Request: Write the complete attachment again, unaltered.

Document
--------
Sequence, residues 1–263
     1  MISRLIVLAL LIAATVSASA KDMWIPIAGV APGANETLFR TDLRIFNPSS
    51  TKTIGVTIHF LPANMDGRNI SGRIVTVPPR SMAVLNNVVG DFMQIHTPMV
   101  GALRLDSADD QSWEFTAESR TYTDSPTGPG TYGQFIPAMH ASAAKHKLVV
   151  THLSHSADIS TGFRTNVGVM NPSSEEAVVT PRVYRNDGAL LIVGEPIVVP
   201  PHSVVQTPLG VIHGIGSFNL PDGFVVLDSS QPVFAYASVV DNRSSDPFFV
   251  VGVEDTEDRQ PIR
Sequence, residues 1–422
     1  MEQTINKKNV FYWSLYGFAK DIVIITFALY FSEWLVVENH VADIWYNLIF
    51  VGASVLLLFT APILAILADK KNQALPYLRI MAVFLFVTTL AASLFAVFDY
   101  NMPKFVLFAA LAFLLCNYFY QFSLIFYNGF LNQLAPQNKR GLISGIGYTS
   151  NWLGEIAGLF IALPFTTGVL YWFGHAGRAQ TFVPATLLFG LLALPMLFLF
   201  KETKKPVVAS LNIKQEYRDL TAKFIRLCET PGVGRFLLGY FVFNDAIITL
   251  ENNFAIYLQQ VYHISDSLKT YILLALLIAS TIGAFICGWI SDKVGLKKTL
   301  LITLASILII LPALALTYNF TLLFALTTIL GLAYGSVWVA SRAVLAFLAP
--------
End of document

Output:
Sequence, residues 1–263
     1  MISRLIVLAL LIAATVSASA KDMWIPIAGV APGANETLFR TDLRIFNPSS
    51  TKTIGVTIHF LPANMDGRNI SGRIVTVPPR SMAVLNNVVG DFMQIHTPMV
   101  GALRLDSADD QSWEFTAESR TYTDSPTGPG TYGQFIPAMH ASAAKHKLVV
   151  THLSHSADIS TGFRTNVGVM NPSSEEAVVT PRVYRNDGAL LIVGEPIVVP
   201  PHSVVQTPLG VIHGIGSFNL PDGFVVLDSS QPVFAYASVV DNRSSDPFFV
   251  VGVEDTEDRQ PIR
Sequence, residues 1–422
     1  MEQTINKKNV FYWSLYGFAK DIVIITFALY FSEWLVVENH VADIWYNLIF
    51  VGASVLLLFT APILAILADK KNQALPYLRI MAVFLFVTTL AASLFAVFDY
   101  NMPKFVLFAA LAFLLCNYFY QFSLIFYNGF LNQLAPQNKR GLISGIGYTS
   151  NWLGEIAGLF IALPFTTGVL YWFGHAGRAQ TFVPATLLFG LLALPMLFLF
   201  KETKKPVVAS LNIKQEYRDL TAKFIRLCET PGVGRFLLGY FVFNDAIITL
   251  ENNFAIYLQQ VYHISDSLKT YILLALLIAS TIGAFICGWI SDKVGLKKTL
   301  LITLASILII LPALALTYNF TLLFALTTIL GLAYGSVWVA SRAVLAFLAP